Jose Azurdia, 54, became ill and started vomiting at the Adelanto Detention Facility in California. A guard told a nurse about Azurdia’s condition, but she said that “she did not want to see Azurdia because she did not want to get sick.” Within minutes, his arm was numb, he was having difficulty breathing, and he had pain in his shoulder and neck – all symptoms of a heart attack. Due to additional delays by the medical staff, two hours passed before he was sent to the hospital, with his heart by then too damaged to respond to treatment. He died in the hospital four days later, on December 23, 2015.
“Immigrant detention centers are dangerous places where lives are at risk and people are dying,” said Silky Shah, executive director of Detention Watch Network, a national coalition that exposes the injustices of the US’ immigration detention and deportation system. “The death toll amassed by ICE is unacceptable and has proven that they cannot be trusted to care for immigrants in their custody.”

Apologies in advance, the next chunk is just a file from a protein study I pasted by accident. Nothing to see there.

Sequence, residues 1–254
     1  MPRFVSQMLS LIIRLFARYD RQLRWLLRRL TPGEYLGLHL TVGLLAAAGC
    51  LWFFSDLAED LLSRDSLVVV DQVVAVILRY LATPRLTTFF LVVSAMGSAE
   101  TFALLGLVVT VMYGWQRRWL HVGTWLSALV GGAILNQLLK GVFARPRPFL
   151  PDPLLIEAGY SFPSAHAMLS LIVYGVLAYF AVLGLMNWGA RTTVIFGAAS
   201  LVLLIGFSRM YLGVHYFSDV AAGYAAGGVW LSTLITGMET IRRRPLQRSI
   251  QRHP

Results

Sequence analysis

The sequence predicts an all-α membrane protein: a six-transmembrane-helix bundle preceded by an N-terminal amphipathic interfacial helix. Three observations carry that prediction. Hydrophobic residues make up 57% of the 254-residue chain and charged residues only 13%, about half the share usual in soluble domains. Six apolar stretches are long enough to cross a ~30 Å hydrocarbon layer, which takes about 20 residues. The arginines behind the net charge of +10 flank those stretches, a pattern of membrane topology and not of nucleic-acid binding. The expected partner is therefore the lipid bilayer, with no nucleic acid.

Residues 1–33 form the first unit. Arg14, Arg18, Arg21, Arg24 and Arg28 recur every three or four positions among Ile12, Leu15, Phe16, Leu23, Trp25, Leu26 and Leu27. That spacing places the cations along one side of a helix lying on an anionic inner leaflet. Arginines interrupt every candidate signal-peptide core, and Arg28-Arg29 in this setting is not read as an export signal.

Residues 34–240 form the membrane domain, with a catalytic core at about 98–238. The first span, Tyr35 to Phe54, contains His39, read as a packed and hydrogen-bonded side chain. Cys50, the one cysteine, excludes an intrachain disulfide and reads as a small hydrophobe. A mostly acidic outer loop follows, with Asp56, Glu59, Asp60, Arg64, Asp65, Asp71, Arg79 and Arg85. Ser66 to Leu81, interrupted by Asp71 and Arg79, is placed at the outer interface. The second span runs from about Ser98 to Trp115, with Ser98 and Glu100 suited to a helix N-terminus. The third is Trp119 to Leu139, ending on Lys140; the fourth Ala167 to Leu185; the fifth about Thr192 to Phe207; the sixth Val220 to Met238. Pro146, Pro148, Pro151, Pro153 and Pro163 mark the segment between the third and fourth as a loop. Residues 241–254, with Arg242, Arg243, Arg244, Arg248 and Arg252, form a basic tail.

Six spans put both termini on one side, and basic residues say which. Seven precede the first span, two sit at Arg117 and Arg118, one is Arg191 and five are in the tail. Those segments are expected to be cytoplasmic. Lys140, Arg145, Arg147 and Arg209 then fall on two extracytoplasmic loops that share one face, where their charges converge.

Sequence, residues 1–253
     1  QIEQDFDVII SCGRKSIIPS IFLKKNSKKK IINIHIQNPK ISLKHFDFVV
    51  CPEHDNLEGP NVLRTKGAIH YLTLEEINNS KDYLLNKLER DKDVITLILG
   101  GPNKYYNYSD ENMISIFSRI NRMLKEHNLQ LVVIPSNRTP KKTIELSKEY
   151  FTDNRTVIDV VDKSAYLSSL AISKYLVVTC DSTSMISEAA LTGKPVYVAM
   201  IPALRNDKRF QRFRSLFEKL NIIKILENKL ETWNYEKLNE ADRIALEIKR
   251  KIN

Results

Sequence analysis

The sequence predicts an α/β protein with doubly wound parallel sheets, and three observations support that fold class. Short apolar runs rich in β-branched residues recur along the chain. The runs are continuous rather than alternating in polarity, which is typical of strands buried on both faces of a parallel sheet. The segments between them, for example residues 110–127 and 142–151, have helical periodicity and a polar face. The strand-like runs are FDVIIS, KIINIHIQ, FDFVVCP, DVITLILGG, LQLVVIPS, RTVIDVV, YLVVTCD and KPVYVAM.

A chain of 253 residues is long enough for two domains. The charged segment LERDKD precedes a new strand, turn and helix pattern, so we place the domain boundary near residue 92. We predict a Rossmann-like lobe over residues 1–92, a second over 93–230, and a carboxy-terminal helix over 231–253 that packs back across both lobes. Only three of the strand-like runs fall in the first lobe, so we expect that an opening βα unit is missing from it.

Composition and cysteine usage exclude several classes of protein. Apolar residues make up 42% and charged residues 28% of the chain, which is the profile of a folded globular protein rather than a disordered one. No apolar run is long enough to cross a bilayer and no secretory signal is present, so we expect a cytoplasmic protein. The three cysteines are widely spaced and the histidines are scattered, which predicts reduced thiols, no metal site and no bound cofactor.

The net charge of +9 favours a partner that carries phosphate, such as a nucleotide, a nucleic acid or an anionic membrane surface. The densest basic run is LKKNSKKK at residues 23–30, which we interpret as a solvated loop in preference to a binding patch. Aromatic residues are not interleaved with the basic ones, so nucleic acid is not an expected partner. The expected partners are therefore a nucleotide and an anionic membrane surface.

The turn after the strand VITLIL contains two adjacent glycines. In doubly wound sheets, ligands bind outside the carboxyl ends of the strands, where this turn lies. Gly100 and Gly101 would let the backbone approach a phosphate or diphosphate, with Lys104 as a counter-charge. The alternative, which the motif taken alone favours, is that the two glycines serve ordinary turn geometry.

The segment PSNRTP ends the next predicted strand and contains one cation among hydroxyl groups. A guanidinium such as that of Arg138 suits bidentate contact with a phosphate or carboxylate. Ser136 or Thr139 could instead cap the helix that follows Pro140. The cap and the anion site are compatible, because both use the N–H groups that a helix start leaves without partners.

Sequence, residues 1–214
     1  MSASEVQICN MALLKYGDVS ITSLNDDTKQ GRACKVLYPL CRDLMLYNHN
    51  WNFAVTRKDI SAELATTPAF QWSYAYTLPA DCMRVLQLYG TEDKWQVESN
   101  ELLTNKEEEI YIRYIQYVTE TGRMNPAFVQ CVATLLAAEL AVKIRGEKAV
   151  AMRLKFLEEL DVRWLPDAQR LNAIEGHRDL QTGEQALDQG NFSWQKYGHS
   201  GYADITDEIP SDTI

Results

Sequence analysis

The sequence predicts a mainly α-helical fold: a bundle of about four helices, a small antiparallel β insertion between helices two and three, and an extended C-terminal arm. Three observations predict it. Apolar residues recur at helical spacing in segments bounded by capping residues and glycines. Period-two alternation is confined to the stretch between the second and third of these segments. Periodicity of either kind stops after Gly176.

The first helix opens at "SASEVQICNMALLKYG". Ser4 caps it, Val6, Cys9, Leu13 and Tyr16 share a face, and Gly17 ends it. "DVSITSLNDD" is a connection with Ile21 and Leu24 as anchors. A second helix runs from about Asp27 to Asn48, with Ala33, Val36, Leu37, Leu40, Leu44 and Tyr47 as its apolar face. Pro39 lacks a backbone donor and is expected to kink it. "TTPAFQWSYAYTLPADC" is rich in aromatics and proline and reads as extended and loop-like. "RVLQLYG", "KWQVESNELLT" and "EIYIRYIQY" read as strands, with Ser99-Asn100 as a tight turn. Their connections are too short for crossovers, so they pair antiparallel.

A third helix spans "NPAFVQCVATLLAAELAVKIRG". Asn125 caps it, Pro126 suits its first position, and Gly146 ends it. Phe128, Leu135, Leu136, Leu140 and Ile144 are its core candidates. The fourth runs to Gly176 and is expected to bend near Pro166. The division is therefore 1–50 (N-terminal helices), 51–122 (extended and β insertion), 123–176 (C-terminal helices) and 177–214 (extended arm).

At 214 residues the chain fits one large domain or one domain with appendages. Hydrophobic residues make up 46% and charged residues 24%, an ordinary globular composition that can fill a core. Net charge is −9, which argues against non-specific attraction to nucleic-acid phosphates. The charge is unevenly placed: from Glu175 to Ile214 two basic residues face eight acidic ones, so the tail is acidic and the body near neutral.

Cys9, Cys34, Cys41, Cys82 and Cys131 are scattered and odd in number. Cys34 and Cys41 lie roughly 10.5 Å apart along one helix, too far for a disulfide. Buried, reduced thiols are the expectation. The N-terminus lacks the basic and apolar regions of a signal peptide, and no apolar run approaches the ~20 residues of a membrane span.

In fiscal year 2017, ICE held a daily average of nearly 40,500 people, an increase of nearly 500 percent since 1994. The Trump administration has asked Congress to allocate $2.7 billion for fiscal year 2019 to lock up a daily average of 52,000 immigrants in immigration detention facilities, a record number that would represent a 30 percent expansion from fiscal year 2017.